And in the ultimate signpost that a working group has made no useful progress, the final report recommended the European Union "promote continued research on the impact of disinformation in Europe…"
In other words, Facebook and Google successful prevented any serious investigation of their companies, activities, actions or business models that could have led to concrete changes to how they did things, or so it is claimed.
This is far from the first time that the use of so-called "soft money" has been used by tech giants to dissuade what should be independent reviewers from pursuing specific lines of inquiry or investigation. For years, academics have been alarmed at Google's funding of hundreds of researchers and academics and their organizations, and how it has used that influence to avoid serious scrutiny of its actions.
One of the more famous incidents occurred back in 2017 when academic Barry Lynn went public with his claim that his Open Markets program had been "spun off" from think-tank New America in direct response to a paper he had written that advocated fining Google for anti-competitive behavior.
New America's CEO Anne-Marie Slaughter received an angry phone call from Google chairman Eric Schmidt, according to Lynn, and shortly after that he was called into a meeting where he was told that was "imperiling the institution as a whole."
"The time has come for Open Markets and New America to part ways," Slaughter allegedly told Lynn.
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After Lynn went public, Slaughter hit back, claiming that Lynn had "repeatedly violated the standards of honesty and good faith with his colleagues, including misleading me directly." Slaughter, it turns out, by the way, is a long-standing friend of Schmidt's but that did not factor into her decision, she claimed.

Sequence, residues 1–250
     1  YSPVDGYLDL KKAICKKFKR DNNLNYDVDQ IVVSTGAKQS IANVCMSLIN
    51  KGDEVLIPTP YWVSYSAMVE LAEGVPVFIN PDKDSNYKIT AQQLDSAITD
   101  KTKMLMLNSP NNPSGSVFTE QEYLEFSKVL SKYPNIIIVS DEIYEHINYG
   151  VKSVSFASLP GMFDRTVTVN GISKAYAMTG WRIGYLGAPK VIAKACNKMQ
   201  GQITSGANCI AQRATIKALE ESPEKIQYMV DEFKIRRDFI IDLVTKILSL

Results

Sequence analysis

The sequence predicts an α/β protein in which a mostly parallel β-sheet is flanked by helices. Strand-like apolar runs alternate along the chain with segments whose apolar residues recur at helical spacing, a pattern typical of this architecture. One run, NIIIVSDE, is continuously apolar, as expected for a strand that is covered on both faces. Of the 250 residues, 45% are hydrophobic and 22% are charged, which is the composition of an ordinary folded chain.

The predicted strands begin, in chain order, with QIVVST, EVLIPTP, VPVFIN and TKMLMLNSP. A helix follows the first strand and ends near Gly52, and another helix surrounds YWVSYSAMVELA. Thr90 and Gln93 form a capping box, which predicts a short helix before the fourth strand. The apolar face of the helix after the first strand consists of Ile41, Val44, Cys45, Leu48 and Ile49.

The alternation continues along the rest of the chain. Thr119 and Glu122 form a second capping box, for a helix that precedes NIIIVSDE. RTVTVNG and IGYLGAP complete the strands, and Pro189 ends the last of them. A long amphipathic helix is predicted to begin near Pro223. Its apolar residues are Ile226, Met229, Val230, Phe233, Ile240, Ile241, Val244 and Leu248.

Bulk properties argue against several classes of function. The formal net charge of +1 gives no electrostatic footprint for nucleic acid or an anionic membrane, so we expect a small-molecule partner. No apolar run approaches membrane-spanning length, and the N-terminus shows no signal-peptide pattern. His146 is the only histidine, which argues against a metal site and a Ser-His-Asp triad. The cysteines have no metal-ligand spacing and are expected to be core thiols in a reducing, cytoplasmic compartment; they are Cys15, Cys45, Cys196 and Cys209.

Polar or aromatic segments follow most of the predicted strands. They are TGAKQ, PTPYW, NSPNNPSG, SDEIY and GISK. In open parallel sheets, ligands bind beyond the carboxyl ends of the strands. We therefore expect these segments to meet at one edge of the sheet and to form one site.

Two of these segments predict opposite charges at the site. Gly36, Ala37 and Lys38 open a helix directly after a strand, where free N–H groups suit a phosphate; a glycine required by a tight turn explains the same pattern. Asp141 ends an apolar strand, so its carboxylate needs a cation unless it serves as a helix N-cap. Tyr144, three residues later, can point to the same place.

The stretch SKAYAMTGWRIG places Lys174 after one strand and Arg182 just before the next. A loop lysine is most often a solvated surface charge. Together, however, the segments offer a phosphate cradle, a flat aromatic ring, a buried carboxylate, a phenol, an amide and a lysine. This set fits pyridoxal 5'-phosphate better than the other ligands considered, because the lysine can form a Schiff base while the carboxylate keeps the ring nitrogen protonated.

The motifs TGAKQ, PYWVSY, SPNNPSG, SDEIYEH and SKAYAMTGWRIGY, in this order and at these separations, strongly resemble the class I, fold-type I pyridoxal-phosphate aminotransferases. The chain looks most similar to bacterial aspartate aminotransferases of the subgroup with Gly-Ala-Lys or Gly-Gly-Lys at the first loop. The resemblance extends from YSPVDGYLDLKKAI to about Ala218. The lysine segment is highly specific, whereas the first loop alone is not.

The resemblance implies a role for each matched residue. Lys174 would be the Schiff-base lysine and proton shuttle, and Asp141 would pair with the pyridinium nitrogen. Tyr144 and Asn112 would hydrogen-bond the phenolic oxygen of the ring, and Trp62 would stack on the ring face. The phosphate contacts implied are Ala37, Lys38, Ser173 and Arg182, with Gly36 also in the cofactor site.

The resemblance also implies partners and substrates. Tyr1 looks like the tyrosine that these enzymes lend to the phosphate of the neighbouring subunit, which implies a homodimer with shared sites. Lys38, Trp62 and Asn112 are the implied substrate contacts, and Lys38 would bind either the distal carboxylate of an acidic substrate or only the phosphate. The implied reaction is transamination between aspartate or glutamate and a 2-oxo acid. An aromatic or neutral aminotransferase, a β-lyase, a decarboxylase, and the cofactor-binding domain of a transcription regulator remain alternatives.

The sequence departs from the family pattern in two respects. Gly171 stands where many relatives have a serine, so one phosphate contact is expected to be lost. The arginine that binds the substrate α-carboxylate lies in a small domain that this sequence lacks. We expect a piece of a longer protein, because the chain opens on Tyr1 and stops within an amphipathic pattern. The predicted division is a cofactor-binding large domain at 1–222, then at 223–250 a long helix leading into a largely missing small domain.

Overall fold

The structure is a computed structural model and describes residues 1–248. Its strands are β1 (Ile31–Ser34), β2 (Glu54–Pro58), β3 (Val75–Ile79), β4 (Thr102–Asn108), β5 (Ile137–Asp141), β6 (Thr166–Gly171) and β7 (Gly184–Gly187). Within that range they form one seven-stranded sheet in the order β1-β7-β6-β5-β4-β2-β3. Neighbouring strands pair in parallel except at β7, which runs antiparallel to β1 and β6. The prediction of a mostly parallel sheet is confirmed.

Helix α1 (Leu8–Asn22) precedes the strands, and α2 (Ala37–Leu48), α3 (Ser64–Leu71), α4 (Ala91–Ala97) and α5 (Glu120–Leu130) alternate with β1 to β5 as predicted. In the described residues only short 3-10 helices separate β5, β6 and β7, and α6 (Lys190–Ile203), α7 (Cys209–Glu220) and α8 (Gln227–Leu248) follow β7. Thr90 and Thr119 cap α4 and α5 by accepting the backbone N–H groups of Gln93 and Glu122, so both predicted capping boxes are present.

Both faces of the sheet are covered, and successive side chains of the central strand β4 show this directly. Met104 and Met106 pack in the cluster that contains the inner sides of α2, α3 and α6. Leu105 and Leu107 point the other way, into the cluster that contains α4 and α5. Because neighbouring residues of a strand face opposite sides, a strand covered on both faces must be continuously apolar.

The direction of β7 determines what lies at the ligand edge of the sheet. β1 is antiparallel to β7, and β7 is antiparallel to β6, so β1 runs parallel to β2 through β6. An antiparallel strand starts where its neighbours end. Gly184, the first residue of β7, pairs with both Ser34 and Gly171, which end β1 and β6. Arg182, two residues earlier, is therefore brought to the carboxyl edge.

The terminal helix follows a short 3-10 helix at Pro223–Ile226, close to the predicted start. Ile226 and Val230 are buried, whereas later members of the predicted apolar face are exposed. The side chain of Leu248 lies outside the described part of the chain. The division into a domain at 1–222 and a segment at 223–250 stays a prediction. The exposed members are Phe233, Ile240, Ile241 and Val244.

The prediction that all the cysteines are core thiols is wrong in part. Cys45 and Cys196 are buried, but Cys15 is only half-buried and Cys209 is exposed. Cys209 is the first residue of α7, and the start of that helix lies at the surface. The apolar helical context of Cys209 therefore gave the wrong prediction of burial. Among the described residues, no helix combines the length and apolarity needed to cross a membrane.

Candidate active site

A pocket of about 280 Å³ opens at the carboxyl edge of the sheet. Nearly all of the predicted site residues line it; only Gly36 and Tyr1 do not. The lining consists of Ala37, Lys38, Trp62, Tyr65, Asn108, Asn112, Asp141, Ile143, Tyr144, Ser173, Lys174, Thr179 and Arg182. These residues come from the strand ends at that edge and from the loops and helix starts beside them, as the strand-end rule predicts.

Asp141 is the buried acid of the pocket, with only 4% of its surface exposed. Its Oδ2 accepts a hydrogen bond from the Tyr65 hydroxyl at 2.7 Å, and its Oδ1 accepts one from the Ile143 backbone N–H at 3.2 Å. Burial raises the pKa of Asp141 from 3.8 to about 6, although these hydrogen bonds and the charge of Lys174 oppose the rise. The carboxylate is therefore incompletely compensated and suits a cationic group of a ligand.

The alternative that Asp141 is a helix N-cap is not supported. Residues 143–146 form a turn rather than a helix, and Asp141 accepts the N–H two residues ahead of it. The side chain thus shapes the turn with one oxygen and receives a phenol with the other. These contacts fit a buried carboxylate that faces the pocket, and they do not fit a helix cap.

There are countless similar stories – although very few of them explode into the open. Instead, in academic circles, there are hushed tales and careful warnings. But when funding is a persistent issue for academics, it doesn't pay to piss off one of the few mega donors in your field.
Plus, of course, there is always a seemingly perfectly reasonable explanation for why Google or Facebook can no longer fund a specific program or institution. Google has become so expert at the shadowy practice that it doesn't even need to make implicit threats: organizations know that if they wish to get funded, then digging into an area likely to annoy the tech giant is not a great idea.
While it is telling that Facebook apparently felt the need to pressure experts to stay away from hot topics, it is only an indication that the antisocial network is new to the game. Give it a few years, and the soft-money influence will become as invisible as Google's has. ®
Updated to add
A spokeswoman for Facebook has been in touch to say this about Open Democracy's report:
This is a deliberate misrepresentation of a technical discussion about the best way to bring a cross-industry group together to address the issues around false news. We believe real progress has been made through the code of conduct process and we are looking forward to working with the European institutions to implement it.